In the last several years, university-wide initiatives such as the discussions around Choices & Responsibility and Teaching at Emory have prompted repeated calls from faculty members for a stronger, richer intellectual climate at Emory, a more dynamic scholarly community. Soon after Rebecca Chopp was named provost in the spring of 1998, she launched an effort to seek a way to respond to these calls. One of the tangible outcomes from this effort is The Academic Exchange: A Place for Scholarly Conversation at Emory, a published forum for ongoing intellectual discourse among our colleagues. The Academic Exchange will appear two times before the end of this academic year. We hope that as participation increases, the publication will appear more often.
In preparation for the debut of this forum for intellectual exchange, the editors have held conversations with faculty members (nearly a hundred thus far) across the university-conversations that will continue with each issue. It has been clear from the discussions so far that a community of learning cannot be manufactured; it must grow. Space must be cleared and enriched with the necessary elements for an open and productive exchange of ideas and opinions.
This first issue of The Academic Exchange represents an attempt to begin cultivating that common ground, where vigorous, candid, and civil engagement on scholarly pursuits and academic policy may flourish. With its coverage of research issues, pedagogical concerns, and university governance, this issue strives to balance reporting and opinion on faculty work and life at Emory. It also offers information on selected publications and campus events that might serve as a springboard for community-wide discussion. Our policy will be to turn frequently to the community for topic suggestions for future issues.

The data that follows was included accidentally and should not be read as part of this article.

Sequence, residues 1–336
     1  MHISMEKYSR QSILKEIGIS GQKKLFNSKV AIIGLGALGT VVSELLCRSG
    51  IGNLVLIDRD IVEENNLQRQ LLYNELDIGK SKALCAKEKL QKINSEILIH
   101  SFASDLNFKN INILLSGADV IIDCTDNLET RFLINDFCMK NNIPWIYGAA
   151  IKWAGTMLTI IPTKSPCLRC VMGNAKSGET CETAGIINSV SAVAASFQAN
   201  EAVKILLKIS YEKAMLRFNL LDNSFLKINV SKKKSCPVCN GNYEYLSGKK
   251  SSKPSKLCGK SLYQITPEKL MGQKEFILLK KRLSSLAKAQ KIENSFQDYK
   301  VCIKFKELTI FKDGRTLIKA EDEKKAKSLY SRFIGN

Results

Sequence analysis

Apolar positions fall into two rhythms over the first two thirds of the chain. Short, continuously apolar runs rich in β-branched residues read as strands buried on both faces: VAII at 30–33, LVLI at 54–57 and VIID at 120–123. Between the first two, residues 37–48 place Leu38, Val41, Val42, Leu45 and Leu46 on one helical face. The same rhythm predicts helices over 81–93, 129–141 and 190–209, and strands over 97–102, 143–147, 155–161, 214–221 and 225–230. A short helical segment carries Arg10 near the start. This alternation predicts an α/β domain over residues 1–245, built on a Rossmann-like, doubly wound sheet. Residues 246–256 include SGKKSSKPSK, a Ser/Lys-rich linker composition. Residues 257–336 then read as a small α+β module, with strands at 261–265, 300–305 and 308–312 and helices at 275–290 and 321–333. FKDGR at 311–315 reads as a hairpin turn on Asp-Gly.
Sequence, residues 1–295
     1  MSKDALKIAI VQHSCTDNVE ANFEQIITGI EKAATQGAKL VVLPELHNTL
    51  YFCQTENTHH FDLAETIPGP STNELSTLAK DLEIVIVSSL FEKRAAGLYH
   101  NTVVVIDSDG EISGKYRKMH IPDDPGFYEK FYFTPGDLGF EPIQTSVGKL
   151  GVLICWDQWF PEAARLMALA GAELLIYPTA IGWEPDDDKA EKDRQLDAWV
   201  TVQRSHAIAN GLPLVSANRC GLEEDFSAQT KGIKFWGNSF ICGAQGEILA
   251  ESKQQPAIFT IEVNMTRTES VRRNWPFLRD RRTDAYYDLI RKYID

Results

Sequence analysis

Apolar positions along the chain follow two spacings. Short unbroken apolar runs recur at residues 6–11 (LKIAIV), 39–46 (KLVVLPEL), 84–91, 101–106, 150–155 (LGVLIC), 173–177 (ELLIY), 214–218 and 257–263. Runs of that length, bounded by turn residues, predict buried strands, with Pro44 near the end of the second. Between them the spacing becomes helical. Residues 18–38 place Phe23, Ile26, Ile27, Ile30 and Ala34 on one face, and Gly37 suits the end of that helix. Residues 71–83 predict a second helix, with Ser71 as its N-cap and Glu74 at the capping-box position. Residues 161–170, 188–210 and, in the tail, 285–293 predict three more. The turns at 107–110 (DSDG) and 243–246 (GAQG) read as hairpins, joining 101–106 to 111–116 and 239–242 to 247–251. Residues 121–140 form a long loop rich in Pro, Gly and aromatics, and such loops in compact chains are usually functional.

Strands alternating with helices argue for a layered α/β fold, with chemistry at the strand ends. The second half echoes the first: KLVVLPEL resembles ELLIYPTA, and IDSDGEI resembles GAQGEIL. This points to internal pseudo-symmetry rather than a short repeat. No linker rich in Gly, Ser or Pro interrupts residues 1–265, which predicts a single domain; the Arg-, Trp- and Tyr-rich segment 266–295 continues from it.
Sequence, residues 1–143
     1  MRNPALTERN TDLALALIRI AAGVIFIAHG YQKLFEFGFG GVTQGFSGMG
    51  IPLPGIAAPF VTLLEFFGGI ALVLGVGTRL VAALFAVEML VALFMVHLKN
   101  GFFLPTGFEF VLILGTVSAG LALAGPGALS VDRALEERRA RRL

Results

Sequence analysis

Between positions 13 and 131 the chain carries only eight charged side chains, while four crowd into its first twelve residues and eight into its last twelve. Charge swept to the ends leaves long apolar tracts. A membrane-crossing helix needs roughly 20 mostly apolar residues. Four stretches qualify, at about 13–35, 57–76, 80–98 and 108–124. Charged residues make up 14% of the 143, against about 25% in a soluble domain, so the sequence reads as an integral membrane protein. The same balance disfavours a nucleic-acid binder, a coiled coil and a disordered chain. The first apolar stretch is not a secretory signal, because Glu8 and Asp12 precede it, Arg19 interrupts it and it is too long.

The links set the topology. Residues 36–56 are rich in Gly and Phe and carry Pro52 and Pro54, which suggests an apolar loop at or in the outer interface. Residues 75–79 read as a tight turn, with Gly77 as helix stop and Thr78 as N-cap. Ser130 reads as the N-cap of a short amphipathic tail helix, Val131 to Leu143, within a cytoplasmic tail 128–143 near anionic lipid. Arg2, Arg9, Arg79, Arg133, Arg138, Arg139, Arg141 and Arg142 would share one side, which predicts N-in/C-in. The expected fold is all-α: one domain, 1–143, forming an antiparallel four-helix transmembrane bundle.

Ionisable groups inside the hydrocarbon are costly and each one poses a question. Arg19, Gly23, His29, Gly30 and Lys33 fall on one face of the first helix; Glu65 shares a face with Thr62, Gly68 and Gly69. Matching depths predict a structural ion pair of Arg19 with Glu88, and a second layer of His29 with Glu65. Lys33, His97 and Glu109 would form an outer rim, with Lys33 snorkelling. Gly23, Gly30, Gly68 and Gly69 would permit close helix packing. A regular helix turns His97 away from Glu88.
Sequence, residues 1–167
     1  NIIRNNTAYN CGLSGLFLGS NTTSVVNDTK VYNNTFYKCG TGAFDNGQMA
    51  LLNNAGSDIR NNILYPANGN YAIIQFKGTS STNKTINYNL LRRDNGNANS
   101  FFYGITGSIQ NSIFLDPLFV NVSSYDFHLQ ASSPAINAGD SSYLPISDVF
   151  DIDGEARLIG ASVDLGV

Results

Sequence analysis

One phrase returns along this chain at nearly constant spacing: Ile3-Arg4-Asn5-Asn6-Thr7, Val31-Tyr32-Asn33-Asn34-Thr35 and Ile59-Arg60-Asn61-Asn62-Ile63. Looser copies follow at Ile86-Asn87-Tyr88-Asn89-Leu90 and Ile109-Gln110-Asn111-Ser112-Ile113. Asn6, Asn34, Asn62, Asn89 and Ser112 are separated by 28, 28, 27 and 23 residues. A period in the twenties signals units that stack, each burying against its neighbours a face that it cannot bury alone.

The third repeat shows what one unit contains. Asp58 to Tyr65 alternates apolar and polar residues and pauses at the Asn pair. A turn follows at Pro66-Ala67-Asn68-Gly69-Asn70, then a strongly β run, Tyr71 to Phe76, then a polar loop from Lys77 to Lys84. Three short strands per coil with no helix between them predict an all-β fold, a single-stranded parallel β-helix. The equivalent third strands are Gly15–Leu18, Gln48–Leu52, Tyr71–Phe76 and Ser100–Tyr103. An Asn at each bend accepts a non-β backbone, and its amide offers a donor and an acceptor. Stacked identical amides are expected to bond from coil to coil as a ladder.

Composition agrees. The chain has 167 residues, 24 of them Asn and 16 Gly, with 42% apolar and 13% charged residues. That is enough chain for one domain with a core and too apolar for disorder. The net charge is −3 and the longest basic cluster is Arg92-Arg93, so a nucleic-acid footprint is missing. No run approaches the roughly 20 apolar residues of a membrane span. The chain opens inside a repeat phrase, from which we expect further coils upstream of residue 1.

We invite and encourage our faculty colleagues to contribute their perspectives. A range of approaches and formats is available to contributors, from submitting a completed essay to working with a writer to present ideas in interview format. Letters in response to articles and essays are also welcome and will not be published without the author's permission. Contact the managing editor for particulars on deadlines and submissions.
Because its primary audience is Emory faculty, this publication will strive for an intelligent common language that is neither jargon-ridden and technical nor overly popularizing and reductive. Our goal is to strike a balance between precision and accessibility. Similarly, discourse in The Academic Exchange will reach toward dialogue rather than pitched battle. We request that contributors attend to disagreements in a context of mutual respect and civility.
Candor and freedom of speech are essential to the life of a university. We hope readers of The Academic Exchange will use the publication to participate in thoughtful and spirited inquiry that will help grow and sustain a lively intellectual community.
William B. Cody, Oxford College
James W. Fowler, Ethics Center
Susan H. Frost, Institutional Planning and Research
Gordon D. Newby, Emory College
Walter L. Reed, Emory College
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